Before continuing, let’s return to the concept of the ‘1% dyestock solution’, which, as you may recall from the first article, is 1 part dye powder and 99 parts water. Also remember that 1 ml of liquid weighs 1 gram, making it possible to compare liquid and dry measurements equally, using metric.

It is known that doubling the amount of dye with each darker value will provide a nice progression of a color from pale to dark, in 6 to 8 jumps — this is the principle at work when using the jar method. I knew this would be the case before I started, so for me the only real question was where to begin to create a pale shade, and then see where doubling would take the color from there. So I experimented until I found a good progression of values, and it is listed below. There are, of course lighter and darker values than these, but these meet my needs.

The lightest value I generally produce (a pastel that I refer to as Level 1) uses a 5% “saturation” of dyestock, meaning that for a 4-gram piece of wool, (the size of the samples for all my trials) I use 5% of that amount in dyestock, which is.2 ml, to achieve a pastel value. (Multiply 4 times 5%, or.05, and you’ll see that the answer is.2. Remember again that the ml measure of the dyestock and the gram weight of the wool can be related on equal terms to each other.) A 10% saturation, or.4 ml, produces Level 2, and so on. I found that most colors follow a predictable pattern, value-wise. However, when moving around the color wheel towards yellow, about 2/3 of the way through the greens and the oranges, the amount of dye must be increased to keep the values about the same, visually, as more yellow is added to each formula. The chart below shows the saturation levels needed for generating values on 4-gram pieces of wool:

**————————BLUES & REDS—————–YELLOWS———
————————————–ml————————–ml—–
——————–**

__Saturation__—

__Dyestock__——

__Saturation__—

__Dyestock__

Level 1 ( Pastel )——-5%———–0.2————7.5%———-0.3

Level 2 (Md Pstl)——10%———–0.4————-15%———-0.6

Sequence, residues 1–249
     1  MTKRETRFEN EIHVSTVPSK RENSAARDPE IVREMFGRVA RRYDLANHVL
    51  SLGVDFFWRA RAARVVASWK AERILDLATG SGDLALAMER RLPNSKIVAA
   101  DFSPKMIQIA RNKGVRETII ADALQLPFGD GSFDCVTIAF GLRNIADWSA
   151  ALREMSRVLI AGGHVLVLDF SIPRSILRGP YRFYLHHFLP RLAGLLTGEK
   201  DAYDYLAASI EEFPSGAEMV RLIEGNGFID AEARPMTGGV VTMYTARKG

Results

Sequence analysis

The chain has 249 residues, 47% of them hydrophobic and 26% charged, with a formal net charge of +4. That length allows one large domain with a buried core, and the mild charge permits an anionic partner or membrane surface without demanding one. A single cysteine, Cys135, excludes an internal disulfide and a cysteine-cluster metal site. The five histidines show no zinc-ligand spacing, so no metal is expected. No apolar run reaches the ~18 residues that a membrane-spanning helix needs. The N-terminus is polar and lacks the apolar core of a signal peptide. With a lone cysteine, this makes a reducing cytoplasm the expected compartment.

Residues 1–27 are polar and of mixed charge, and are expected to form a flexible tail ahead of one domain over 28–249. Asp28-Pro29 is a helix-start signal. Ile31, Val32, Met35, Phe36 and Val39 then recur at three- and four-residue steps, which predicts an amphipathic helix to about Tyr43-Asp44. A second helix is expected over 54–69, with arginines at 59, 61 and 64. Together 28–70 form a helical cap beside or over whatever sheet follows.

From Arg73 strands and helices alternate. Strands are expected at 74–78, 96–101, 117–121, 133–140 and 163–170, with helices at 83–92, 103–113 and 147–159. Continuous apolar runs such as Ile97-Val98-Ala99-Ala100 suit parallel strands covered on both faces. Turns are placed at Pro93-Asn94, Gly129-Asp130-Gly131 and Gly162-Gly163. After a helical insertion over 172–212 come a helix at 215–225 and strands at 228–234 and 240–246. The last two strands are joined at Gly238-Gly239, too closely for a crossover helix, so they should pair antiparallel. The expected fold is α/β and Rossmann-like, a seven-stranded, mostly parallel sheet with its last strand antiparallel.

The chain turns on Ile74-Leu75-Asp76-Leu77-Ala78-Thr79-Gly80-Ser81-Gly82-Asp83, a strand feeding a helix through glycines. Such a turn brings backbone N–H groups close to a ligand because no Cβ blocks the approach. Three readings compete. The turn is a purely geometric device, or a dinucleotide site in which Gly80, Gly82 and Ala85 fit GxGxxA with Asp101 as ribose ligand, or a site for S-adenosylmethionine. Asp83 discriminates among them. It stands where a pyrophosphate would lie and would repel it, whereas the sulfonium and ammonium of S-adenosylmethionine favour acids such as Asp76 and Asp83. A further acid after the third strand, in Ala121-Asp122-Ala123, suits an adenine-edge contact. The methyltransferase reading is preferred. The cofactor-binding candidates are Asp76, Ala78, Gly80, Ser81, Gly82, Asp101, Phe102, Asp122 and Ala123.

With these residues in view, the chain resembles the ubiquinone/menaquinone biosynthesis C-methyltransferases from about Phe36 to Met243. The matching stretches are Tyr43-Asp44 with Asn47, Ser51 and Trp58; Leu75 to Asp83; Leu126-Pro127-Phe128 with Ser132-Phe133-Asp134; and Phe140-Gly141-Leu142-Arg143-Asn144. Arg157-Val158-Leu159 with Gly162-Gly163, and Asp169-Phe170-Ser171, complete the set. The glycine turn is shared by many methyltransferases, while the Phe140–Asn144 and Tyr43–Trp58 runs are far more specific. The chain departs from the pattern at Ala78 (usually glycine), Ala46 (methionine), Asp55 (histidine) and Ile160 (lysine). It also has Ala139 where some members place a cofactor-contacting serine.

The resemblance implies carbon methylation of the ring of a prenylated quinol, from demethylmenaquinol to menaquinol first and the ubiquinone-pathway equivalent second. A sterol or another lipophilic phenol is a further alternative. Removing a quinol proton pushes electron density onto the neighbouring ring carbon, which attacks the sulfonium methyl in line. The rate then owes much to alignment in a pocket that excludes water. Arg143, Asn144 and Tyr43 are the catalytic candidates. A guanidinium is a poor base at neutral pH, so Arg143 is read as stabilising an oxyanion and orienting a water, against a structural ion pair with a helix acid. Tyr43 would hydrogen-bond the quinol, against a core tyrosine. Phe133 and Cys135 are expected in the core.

Level 3 (..Light )——20%———–0.8————-25%———-1

Level 4 (Lt. Med)——40%———–1.6————-50%———-2

Level 5 (Medium)——80%———–3.2————100%———-4

Level 6 (Dk Med)——160%———-6.4————200%———-8

Level 7 (…Dark )——240%———-9.6————300%———12

There are couple of exceptions to these numbers in the brighter red and blue families. Some of these pastels run a little dark using a 5% saturation, and for a few of those I start with 3%. You may find your own preferences, but this is a good starting point. When I am working up these values on wool samples, I don’t label them — the values are obvious when they come out of the pot. I dry them, stack them together, and place a folded piece of card stock around them, which contains the formula number, percentages in the formula, and the saturations used for each level.

On the very first day of my Grand Plan, I imagined dyeing perhaps 300 colors, total. Today, I have close to 1,200 in an inventory that I offer for sale, and I have near-future plans for adding at least 70-80 more, plus many more specialized colors in the future. It was quite a process to organize all of this, and I couldn’t be happier with the collection — there is not one color I don’t love!

I know that this is a different way of approaching color, and I hope it helps you, should you take on your own Grand Plan, or even if you just want to do some dabbling.

Copyright Susan Sylvia 2010